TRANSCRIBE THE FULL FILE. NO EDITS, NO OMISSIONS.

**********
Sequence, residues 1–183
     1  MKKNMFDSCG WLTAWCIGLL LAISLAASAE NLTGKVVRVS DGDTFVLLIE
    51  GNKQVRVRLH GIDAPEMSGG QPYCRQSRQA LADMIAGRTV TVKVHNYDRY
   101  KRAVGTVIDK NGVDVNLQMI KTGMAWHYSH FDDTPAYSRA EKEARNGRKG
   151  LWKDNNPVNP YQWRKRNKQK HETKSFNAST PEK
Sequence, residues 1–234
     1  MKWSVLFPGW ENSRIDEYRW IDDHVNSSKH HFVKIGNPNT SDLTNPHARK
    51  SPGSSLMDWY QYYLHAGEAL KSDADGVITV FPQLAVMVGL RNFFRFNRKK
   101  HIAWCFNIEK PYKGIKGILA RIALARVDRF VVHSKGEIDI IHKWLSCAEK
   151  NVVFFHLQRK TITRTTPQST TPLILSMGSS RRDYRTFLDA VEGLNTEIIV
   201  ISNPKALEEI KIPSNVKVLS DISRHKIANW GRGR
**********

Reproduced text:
Sequence, residues 1–183
     1  MKKNMFDSCG WLTAWCIGLL LAISLAASAE NLTGKVVRVS DGDTFVLLIE
    51  GNKQVRVRLH GIDAPEMSGG QPYCRQSRQA LADMIAGRTV TVKVHNYDRY
   101  KRAVGTVIDK NGVDVNLQMI KTGMAWHYSH FDDTPAYSRA EKEARNGRKG
   151  LWKDNNPVNP YQWRKRNKQK HETKSFNAST PEK
Sequence, residues 1–234
     1  MKWSVLFPGW ENSRIDEYRW IDDHVNSSKH HFVKIGNPNT SDLTNPHARK
    51  SPGSSLMDWY QYYLHAGEAL KSDADGVITV FPQLAVMVGL RNFFRFNRKK
   101  HIAWCFNIEK PYKGIKGILA RIALARVDRF VVHSKGEIDI IHKWLSCAEK
   151  NVVFFHLQRK TITRTTPQST TPLILSMGSS RRDYRTFLDA VEGLNTEIIV
   201  ISNPKALEEI KIPSNVKVLS DISRHKIANW GRGR